Posted by acampbell |
  115. I have been reading the comments posted and I am worried that I bought a supplement that I can’t use. I have high cholestrol and a friend told me to get Cinnamon 500 mg. plus Chromium by Spring Valley. I did, but I’m not good at taking pills, so I let it sit. My friend went wild with Cinnamon. She hoped it would help her lose weight. She was about 60 pounds over weight. After using cinnamon on everything she ate, and taking the supplement, she discovered she is diabetic. She blames cinnamon for her condition.
    Here are my questions: Will this supplement cause a problem with my pancreas that might result in developing diabetes? If not, could one capsule daily improve my cholestrol count?

    Posted by Juanita Diane |
  116. Hi Juanita Diane,

    I don’t know enough about your friend’s situation, but it’s unlikely that taking cinnamon caused her to get diabetes. She may have had diabetes before she was actually diagnosed. And other factors play a more prominent role in whether someone gets diabetes, such as family history, physical inactivity, being overweight, and being of certain ethnic groups. I can’t advise you on whether or not to take cinnamon, but my opinion is that it won’t cause you to get diabetes. However, if you believe you’re at risk for diabetes, you should ask your doctor to be checked for diabetes. And it’s possible that cinnamon may help your cholesterol, but you need to consider other factors, too, such as the types of foods you eat. It’s important to cut back on sources of saturated fat in your diet, including red meat, butter, whole milk, cheese, and fatty snack foods, and to increase your fiber intake. You may want to meet with a dietitian for more guidance. Your doctor should be able to give you a referral.

    Posted by acampbell |
  117. Just an additional testimonial. My sister in her 70’s has been on insulin for about 15 years. About 5 years ago she heard about cinnamon. I am not sure the dosage but I think she has been taking about 1/2t per day. Her doctor was able to drop he insulin to about one half of the original prescription.

    Posted by David B |
  118. Boyfriend and I sat reading Patrick Holford’s book last night - Food is better medicine than drugs. I have PCOS and insulin resistance. Am on Glucophage 2x a day; and I’ve now started with chromium, and am going to give cinnamon a try! He says that 1/2 teaspoon a day is all it takes. I really am trying to get my blood sugar levels stable, in order to lose weight. I lost a LOT of weight 2 years ago, but it’s slowly creeping back because of the insulin resistance. Am also seeing my doctor this afternoon. Am in South Africa, so hopefully will find some cinnamon capsules in local health food shop or pharmacy. :) Thank you for all the info on this site. Much appreciated!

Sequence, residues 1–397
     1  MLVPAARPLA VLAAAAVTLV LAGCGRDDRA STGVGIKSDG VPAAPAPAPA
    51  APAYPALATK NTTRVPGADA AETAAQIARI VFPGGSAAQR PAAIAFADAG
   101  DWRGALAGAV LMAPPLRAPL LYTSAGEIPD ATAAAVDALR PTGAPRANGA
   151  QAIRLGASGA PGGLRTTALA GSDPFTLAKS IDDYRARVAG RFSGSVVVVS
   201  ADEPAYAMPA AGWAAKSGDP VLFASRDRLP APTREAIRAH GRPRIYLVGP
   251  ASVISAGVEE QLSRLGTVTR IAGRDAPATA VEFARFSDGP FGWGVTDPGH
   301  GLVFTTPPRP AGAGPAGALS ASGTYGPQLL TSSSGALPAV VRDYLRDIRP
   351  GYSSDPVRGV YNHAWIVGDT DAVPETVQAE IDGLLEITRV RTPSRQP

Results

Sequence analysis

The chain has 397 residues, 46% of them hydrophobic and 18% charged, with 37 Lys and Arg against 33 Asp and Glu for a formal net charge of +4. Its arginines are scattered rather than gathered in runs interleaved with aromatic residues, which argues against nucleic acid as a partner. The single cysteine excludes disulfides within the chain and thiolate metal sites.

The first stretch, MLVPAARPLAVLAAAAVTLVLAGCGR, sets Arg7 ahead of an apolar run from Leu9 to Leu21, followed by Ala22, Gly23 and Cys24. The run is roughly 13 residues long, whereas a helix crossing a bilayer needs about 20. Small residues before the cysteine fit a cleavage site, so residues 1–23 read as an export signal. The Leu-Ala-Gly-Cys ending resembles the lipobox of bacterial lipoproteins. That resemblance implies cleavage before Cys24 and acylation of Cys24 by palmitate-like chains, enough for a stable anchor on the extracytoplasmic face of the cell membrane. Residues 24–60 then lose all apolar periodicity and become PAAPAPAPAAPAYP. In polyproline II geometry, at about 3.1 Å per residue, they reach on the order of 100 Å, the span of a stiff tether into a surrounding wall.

I just wanted to clarify - it’s all a little confusing - cassia cinnamon, but it must be water soluble, is what was used in the successful study?
    I keep seeing Ceylon cinnamon mentioned - what for? I just want to get the right stuff! :)

    Posted by Ally |
  119. Hi Ally,

    You’re correct — cassia cinnamon is what was used in the study I cited above. It may be that Ceylon cinnamon can help lower glucose levels, too, but I haven’t seen the research to support it. It’s best to buy a cinnamon that is water soluble or water extracted. This means that there is little or no coumarin in there, a substance that is potentially harmful.

    Posted by acampbell |
  120. I have beed reading about cinnamon and diabetes.
    I have type II and have finally gotten down to the lower 140’s in the morning. I started taking cinnamon a week ago and am 113,110,108, and today 109. I am totally convinced that cinnamon works!

    Posted by happyascanbe |
  121. Hello - I started taking 600mg of Ceylon Cinnamon bark about 10 days ago. It is too early to tell if it is lowering my glucose levels although they seem to be trending downward during the day.

    My question is that I take the evening dose about 1-2 hours before bedtime, and when I lie down, I can feel my heart beatinga nd sort of fluttering. When I take my pulse it’s faster than normal, with some skipped beats and other irregular ones. The feeling of the heart beating hard in my chest makes it difficult to go to sleep.

    So can I move my entire daily dose to the morning, or does it need to be taken in divided doeses. My thought is that if I take it all in the morning it will not affect me so much at bedtime. It seems to have a caffeine-like effect.

    Thank you.

    Posted by Kyle |
  122. Hi Kyle,

    Do you usually have an irregular heartbeat? Is there anything else going on in your life that might be contributing to that? You can try moving your cinnamon dose to earlier in the day, but I do think you should address your irregular heartbeat, first. Try not taking the cinnamon for a couple of days and see what happens. And if it continues, please let your physician know.

    Posted by acampbell |
  123. Hello-I read in an article about cinnamon-honey drink for weight loss.I start that drink two weeks ago.Is this drink safe for diabties or should be taken without honey.when should i take this drink what is the receipe.
    please suggest.

    Posted by alka |
  124. Hi alka,

    I haven’t come across any research showing that drinking a cinnamon-honey drink will help with weight loss,and it seems unlikely, anyway. One recipe that I saw for this drink contains 1/2 a teaspoon of cinnamon and 1 teaspoon of honey mixed with a cup of water. This would provide about 20 calories and 6 grams of carbohydrate, which isn’t much (unless you drink more than 1 cup of it!).

    Posted by acampbell |
  125. Hello I am diabetic and currently on 3 diabetic pills and an insulin. Would it be better for me to start using a cinnamon tea first instead of the capsules. I did ask my dietician/nurse about cinnmanon and of course they said it was not proven to work but I figured maybe it would on me.